People over the age of 18 years are able to be adopted in certain circumstances. Orders for the adoption of an adult must be applied for through the Youth Court of South Australia.
Section 4 of the Adoption Act 1988 (the Act) defines “child” as including a person who is aged 18 years or more in respect of whom an order for adoption under the Act is sought or has been made. Therefore, official documentation will use the term “child” for these kinds of applications even though the person to be adopted is an adult.
An adoption order in relation to an adult may be granted by the Court if there was a significant parent to child relationship in existence between the intending adoptive parent or parents and the adult before they attained the age of 18 years. It is also a requirement that the adult to be adopted appears to understand the consequences of adoption on their interests, rights and welfare.
In determining this, the Court may take into account:
- whether the child was cared for by the prospective adoptive parent or parents, or by the prospective adoptive parent and their deceased spouse or domestic partner, as their child prior to reaching the age of 18 years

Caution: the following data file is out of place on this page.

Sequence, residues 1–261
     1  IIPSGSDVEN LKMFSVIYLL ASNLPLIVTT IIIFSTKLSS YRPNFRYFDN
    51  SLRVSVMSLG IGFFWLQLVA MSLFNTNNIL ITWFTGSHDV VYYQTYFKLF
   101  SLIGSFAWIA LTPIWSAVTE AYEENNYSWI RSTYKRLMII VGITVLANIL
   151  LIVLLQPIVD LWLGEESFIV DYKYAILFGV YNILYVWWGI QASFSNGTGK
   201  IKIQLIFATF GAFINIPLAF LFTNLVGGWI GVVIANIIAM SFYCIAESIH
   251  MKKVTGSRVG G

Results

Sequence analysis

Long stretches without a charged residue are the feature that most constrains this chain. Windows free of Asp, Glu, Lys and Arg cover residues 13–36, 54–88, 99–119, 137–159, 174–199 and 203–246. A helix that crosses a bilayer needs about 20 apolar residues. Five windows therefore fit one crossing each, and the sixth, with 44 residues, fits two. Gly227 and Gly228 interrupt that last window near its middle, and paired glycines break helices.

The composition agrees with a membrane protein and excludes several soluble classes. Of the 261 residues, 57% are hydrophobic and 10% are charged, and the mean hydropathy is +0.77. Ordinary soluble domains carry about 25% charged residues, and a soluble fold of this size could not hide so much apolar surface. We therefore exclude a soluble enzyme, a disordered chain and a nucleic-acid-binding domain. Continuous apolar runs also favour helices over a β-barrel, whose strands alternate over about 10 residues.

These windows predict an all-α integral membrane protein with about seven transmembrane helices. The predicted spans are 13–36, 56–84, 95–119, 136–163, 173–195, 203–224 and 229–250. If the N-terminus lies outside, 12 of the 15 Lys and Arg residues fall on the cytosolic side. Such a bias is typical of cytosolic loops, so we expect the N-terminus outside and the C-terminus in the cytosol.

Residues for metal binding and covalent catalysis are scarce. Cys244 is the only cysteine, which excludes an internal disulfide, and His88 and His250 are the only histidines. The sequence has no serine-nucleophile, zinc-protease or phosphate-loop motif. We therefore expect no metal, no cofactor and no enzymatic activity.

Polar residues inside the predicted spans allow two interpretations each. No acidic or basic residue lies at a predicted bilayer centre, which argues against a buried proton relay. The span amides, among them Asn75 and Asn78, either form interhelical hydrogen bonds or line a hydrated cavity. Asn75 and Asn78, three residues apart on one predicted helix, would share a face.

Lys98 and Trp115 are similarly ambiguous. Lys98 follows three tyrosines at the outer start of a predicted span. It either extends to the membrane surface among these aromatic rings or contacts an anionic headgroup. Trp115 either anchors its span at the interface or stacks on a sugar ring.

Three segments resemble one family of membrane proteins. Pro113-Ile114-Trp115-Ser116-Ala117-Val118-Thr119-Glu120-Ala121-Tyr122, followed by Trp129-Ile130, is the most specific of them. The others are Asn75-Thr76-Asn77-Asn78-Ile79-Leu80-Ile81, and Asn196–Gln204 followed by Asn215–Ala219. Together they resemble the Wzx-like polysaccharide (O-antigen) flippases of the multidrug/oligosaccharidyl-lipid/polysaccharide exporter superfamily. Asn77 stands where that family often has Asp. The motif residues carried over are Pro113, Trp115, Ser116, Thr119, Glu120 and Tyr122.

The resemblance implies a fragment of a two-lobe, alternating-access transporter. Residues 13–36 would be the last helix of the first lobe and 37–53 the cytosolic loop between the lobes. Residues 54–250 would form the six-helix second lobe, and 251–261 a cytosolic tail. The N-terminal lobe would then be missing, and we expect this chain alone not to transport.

- whether the child was, under the Children's Protection Act 1993, placed in the care of the prospective adoptive parent or parents, or the prospective adoptive parent and their deceased spouse or domestic partner, prior to reaching the age of 18 years.
Yes. These criteria are concerned with the relationship status of the person or persons who want to adopt the adult.
If there are two people who want to adopt the adult, they must have been living together in a 'qualifying relationship' for at least 5 years or if not, special circumstances must exist that justify the making of an adoption order.
If there is one applicant only, they must be in a 'qualifying relationship' with the birth or adoptive parent of the person to be adopted, or there must be special circumstances justifying the making of an adoption order.